At HK$500 million, it was an offer that turned heads all around the world: a father's reward for the man who could marry his daughter, who happened to be gay.
It forced Gigi Chao, 33, out of the closet and into the middle of a global media frenzy as the world's most famous lesbian. Now she has emerged as a new leader in the fight for equal rights for Hong Kong's gay and transgender community.
"I had to get over the shock of suddenly being thrown out of the closet, but I realised it was an opportunity to set a good example," Chao said in an interview with the South China Morning Post.
She takes a tough line. "Hong Kong is horrible at accepting and welcoming diversity," she said.
"There's a lot of discrimination against people who are different, because they make people feel scared and uncomfortable."
Her father, billionaire playboy Cecil Chao Sze-tsung, launched his manhunt last September after Chao married partner Sean Eav in a civil ceremony in France.
Eight months later, she said her father - who is divorced - has ignored pleas to withdraw the offer and she is still getting piles of marriage proposals every day. "They're like, 'Hi, I'm Australian. Look at my abs,'" she said, rolling her eyes.
Chao now describes herself as an activist for lesbian, gay, bisexual and transgender (LGBT) rights after previously avoiding politics - even while helping orphans, the mentally ill and impoverished elderly with her Hong Kong charity Zizi Workshop.
"If more media ended up covering LGBT issues in a positive way or more people felt inspired to come out of the closet, then I'd be flattered to have made a difference," she said.
Chao has become a core member of gay rights group Big Love Alliance, along with lawmaker Cyd Ho Sau-lan and openly gay singers Anthony Wong Yiu-ming and Denise Ho Wan-sze. They are lobbying the government to pass anti-discrimination legislation for sexual minorities.
She and Ho will tonight address a Chinese University forum aimed at inspiring the next generation of leaders in Hong Kong. It has been organised by the university's chapter of the global youth network AIESEC and will focus on LGBT issues.
Chao said people can fear what they don't understand. "A gentleman approached me at an event once and we agreed to get together later to talk," she added. "The next time I saw him in private, he came as a woman.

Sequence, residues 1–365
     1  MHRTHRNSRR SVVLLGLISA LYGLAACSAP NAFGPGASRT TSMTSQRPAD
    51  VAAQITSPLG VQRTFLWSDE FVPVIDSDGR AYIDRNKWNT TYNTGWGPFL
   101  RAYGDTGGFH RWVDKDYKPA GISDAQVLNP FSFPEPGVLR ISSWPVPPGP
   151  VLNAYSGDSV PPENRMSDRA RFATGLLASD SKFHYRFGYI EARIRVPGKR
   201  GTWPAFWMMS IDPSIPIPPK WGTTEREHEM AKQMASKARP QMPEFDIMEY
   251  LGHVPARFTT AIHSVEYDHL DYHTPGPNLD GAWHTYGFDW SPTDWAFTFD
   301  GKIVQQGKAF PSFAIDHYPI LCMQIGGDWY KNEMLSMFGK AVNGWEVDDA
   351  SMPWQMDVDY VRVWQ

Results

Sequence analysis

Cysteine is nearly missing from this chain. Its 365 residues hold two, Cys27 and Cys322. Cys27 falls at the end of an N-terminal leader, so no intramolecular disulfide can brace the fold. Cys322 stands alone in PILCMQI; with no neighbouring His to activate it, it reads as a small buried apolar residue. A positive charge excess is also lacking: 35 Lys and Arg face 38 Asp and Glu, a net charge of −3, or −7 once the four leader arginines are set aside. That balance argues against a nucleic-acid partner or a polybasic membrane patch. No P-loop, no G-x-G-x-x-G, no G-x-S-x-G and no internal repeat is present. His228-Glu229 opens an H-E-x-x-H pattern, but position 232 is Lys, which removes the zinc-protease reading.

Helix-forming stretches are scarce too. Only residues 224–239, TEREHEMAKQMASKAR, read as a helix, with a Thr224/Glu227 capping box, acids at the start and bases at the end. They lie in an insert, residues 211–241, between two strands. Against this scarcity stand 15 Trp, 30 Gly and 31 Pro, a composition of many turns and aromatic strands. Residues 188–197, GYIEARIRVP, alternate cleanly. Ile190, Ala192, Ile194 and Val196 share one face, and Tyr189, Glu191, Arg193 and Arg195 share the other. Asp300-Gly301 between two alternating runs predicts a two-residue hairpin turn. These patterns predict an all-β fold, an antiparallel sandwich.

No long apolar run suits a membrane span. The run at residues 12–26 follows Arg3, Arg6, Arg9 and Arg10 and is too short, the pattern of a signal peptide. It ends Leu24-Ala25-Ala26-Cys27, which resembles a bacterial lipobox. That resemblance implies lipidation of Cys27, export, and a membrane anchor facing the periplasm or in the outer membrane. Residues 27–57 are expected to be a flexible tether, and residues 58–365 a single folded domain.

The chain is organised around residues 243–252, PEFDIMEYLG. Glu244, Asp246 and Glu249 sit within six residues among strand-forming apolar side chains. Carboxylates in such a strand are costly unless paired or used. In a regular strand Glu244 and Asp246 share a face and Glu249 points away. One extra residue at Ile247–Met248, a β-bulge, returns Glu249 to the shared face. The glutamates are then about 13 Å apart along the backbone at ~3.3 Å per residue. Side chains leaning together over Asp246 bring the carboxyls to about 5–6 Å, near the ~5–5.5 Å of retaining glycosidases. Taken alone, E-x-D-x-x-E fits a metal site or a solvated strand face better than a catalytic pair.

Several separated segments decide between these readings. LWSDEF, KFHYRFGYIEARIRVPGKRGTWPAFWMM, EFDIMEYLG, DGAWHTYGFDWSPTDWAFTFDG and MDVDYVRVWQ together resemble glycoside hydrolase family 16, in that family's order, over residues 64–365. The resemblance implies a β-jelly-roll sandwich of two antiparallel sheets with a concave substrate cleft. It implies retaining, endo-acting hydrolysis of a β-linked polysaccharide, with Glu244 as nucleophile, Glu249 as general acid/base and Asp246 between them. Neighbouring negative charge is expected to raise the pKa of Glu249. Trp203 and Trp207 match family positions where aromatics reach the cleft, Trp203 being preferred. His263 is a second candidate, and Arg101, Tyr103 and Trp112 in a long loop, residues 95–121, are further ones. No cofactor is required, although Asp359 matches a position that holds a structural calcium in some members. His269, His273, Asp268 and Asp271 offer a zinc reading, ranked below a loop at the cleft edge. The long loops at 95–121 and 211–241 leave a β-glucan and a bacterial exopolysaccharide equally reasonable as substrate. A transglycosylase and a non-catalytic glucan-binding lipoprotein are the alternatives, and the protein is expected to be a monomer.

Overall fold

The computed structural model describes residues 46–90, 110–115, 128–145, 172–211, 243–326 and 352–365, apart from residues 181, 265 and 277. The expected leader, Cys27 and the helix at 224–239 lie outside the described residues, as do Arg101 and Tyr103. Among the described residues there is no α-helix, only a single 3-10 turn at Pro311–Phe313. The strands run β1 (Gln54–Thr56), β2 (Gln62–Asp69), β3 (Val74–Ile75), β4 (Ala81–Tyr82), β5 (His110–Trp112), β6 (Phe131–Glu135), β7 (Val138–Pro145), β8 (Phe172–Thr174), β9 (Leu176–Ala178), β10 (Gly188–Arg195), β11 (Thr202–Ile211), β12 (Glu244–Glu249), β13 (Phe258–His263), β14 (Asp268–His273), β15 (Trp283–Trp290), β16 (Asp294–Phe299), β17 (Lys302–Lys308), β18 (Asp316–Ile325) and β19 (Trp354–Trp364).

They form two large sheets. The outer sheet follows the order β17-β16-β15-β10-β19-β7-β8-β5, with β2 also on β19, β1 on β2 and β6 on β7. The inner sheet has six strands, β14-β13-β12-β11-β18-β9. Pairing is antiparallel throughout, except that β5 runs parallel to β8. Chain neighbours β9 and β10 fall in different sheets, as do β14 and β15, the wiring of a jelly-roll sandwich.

"At first, I admit I was a bit repulsed and confused because I had experienced her first as a man. But after we started to talk, I began to understand how stupid my earlier feelings were."
Chao believes society will not progress if people aren't willing to confront issues. "If the government can provide a safer environment for LGBT people with anti-discrimination legislation, fewer people would have to live a double life. It would be the beginning of an open society," she said.
Chao, an executive director at her father's Cheuk Nang property development company, dismissed her old attitude of keeping away from politics. "People in the business community tend to want to let the activists do the protesting and to keep our heads down," she said.
"Hong Kong 'high society' is generous when it comes to donating to charity, but it is meaningless to give blindly without getting involved," she added.
Last night, Ho said: "Local leaders and celebrities can carry messages much more effectively to the public, so people in those positions should not be afraid to speak out for the underprivileged - but the public has the same responsibility."
Chao still gets on with her parents and hopes they will one day accept her and her partner having children. "Right now they can't imagine having grandchildren from two gay daughters [her and Eav] - but having children is what I want."